When I was younger, I made fun of self-help books. I thought they were cheesy. They didn’t seem to have any utility for my life. But now that I’m older, I’m also a little wiser. I’ve discovered that at the right time and place, certain self-help books can be valuable.
My favorite book of this type is Harry Browne’s How I Found Freedom in an Unfree World, a 38-year-old treatise on personal responsibility. This book changed my life.
But last winter, as I was working through some of the heavier things from my divorce, I found solace in two other books: The Four Agreements by Don Miguel Ruiz and The Power of Now by Eckhart Tolle. These are just the sorts of books I used to mock, but I’ll admit that I found they held profound truths for where I was in life. They still do.
These, for example, are the four agreements (with a bit of rephrasing by me):
- Be Impeccable With Your Word. Speak with integrity. Say only what you mean. Avoid speaking against yourself or gossiping about others. Use the power of your word in the direction of truth and love.
- Don’t Take Anything Personally. Nothing others do is because of you. What others say and do is a projection of their own reality, their own experience. When you’re immune to the opinions and actions of others, you won’t be the victim of needless suffering.
- Don’t Make Assumptions. Find the courage to ask questions and to express what you really want. Communicate with others as clearly as you can to avoid misunderstandings, sadness, and drama.
- Always Do Your Best. Your best is going to change from moment to moment; it will be different when you are healthy as opposed to sick. Under any circumstance, simply do your best, and you’ll avoid self-judgment, self-abuse, and regret.
The fourth agreement wasn’t really a problem for me. I always try to do my best. And the first one wasn’t really an issue either. Yes, I fib now and then, and yes, I can gossip at times. But mostly I try to steer clear of these things, and I generally try to tell the truth (I’m a horrible liar).
But the second and third of Ruiz’s principles? Well, those are problems. I do have a tendency to take things personally, and I do often make assumptions. For all of 2012, though, I’ve been working hard to change both of these habits. In fact, I’ve noticed that if I’m feeling unhappy, it’s usually because I’m taking something personally or I’m making assumptions.
Or maybe I’m unhappy because I’m not present in the moment. I have a rich internal life, and at times I can get lost in the web of my own thoughts. This isn’t a bad thing necessarily. This rich internal life is the source of my imagination. It’s helped me succeed as a writer. But it becomes problematic when I’m stuck in my head instead of mentally present with my friends. (And being stuck in my head sometimes makes it tough for me to answer questions or to tell stories.)
That’s why I’ve also spent this year trying to remind myself of the “power of now”, as Eckhart Tolle calls it. Here’s my summary of his philosophy:
- Be present in the moment. Accept life for what it is, without labels or judgment. Yield to events; don’t block them. Go with the flow. Nothing exists outside the present moment: Don’t dwell on the past or worry about the future. Improve the quality of the here and now.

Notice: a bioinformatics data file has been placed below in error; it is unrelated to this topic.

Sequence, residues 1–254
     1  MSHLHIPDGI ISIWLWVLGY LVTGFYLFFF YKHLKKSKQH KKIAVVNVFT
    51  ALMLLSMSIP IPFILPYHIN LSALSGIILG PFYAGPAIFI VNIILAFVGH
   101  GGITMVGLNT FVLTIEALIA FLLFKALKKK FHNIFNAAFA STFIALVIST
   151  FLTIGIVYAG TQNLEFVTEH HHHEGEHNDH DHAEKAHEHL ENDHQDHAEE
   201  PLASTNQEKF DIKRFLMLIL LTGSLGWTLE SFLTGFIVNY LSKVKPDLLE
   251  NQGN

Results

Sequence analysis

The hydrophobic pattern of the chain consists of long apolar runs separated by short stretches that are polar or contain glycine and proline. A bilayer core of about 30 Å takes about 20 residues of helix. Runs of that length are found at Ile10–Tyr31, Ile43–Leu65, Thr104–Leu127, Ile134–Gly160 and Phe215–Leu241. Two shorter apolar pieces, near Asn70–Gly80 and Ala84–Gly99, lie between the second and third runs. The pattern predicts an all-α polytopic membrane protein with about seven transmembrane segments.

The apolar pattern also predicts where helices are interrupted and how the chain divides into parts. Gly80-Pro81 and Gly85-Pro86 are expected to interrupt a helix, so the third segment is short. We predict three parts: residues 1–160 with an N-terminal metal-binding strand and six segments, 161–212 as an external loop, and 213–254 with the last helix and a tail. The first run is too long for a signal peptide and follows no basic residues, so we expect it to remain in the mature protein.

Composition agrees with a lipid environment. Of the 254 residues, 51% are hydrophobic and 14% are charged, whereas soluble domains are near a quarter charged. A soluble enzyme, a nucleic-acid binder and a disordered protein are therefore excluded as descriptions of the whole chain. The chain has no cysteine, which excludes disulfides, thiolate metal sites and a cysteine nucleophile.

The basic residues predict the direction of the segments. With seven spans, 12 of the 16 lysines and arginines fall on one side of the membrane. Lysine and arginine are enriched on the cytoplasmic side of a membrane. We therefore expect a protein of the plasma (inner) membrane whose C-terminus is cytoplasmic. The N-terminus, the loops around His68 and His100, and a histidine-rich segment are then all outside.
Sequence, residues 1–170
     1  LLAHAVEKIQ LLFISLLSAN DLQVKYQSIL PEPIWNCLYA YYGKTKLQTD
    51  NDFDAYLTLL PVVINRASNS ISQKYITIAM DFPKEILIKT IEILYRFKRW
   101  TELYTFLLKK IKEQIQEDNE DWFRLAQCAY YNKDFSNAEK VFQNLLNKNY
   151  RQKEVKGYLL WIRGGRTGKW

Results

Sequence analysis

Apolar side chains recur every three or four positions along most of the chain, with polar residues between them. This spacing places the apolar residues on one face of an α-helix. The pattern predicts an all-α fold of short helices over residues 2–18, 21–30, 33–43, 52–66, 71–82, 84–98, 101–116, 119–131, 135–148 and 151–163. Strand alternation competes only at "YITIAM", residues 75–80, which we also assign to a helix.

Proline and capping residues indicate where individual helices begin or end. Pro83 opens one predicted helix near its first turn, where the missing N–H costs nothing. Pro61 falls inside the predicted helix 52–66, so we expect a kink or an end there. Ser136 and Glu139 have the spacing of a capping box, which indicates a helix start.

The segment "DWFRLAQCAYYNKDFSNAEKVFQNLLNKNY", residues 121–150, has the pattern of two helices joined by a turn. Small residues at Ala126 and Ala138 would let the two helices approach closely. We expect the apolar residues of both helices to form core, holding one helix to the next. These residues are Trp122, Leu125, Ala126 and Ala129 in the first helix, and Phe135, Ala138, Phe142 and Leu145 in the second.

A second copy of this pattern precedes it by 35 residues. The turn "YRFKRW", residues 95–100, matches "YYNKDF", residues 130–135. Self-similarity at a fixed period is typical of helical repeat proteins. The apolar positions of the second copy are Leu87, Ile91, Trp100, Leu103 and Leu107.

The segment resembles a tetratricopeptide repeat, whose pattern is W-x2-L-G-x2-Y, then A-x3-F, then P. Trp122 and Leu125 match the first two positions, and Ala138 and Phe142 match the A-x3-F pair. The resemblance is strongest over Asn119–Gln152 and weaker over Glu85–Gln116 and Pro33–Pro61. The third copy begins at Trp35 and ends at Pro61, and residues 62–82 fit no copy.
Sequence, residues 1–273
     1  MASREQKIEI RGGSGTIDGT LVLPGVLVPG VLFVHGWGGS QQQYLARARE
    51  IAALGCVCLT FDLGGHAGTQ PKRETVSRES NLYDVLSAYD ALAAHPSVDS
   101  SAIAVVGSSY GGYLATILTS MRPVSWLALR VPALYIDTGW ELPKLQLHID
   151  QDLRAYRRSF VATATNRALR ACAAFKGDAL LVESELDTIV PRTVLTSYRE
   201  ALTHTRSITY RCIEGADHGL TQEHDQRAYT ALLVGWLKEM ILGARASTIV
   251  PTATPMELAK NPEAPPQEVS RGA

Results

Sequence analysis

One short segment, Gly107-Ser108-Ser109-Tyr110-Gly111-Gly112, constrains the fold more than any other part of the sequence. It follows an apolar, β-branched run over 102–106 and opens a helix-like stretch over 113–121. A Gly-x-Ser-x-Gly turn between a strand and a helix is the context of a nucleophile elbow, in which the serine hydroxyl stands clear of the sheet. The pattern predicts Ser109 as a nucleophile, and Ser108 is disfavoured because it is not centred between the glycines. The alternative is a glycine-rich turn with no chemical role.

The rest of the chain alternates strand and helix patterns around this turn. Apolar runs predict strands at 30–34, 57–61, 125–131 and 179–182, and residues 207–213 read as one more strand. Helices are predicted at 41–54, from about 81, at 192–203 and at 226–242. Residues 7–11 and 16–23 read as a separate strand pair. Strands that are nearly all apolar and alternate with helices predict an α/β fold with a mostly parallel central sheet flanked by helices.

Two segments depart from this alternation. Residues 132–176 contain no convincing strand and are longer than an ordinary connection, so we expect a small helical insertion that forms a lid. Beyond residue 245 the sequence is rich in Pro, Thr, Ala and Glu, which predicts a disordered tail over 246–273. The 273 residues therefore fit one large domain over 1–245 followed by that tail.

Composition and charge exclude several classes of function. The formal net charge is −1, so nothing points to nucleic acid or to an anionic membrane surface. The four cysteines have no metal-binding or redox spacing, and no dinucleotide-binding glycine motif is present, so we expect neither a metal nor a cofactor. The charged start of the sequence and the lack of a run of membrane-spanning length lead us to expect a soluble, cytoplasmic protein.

I love that last bit: Improve the quality of the here and now. How can I make today better? How can I make this moment better? That’s what I need to focus on in my life. And I have been, for the most part. Sometimes I forget to do this, and that can lead to unhappiness — for myself and others. But I’m committed to making this a way of life.
Finally, here are a couple of other pieces from my personal philosophy. I call the first bit “Michelle’s Law” after the friend who helped me articulate the idea:
- Create your own certainty. Don’t allow your well-being to be dependent on the choices of others. Be proactive.
There’s a lot contained in those few words. I’m instantly reminded of Harry Browne (whom I mentioned earlier) and of Ayn Rand. Both advocate living in such a way that your health and happiness aren’t dependent on the actions of others. Obviously, you can’t be completely disconnected (nor would you want to), but to the degree that you can act independently, you have greater control over your future happiness.
Speaking of happiness, that brings me to my own maxim, something I call “J.D.’s Law”. If you’ve read me for a while, you know that I consider personal happiness one of the highest ideals (and perhaps the highest ideal). In this way, I’m similar to Aristotle. In fact, I very much like Aristotle’s conception of happiness, which he called eudaimonia. To him (and to me), happiness wasn’t just about hedonistic pleasure. It was also about pursuing excellence and living in a way that is congruent with personal beliefs. (I think of his eudaimonia as being similar to Csíkszentmihályi’s flow.)
So, my fundamental law is this:
- Choose happiness. Do work and play that brings fulfillment. Spend time with people that build you up, not those who bring you down. Strip from your life the things that take time, money, and energy, but which do not bring you joy. Focus on the essentials.
My personal philosophy is constantly developing. It is not fixed. As you all know, I’ve changed much in the past twenty or thirty years. I’m certain I’ll change more in the years I have left on this earth. Ultimately, however, my aim is to be the best person I can be — now and in the future.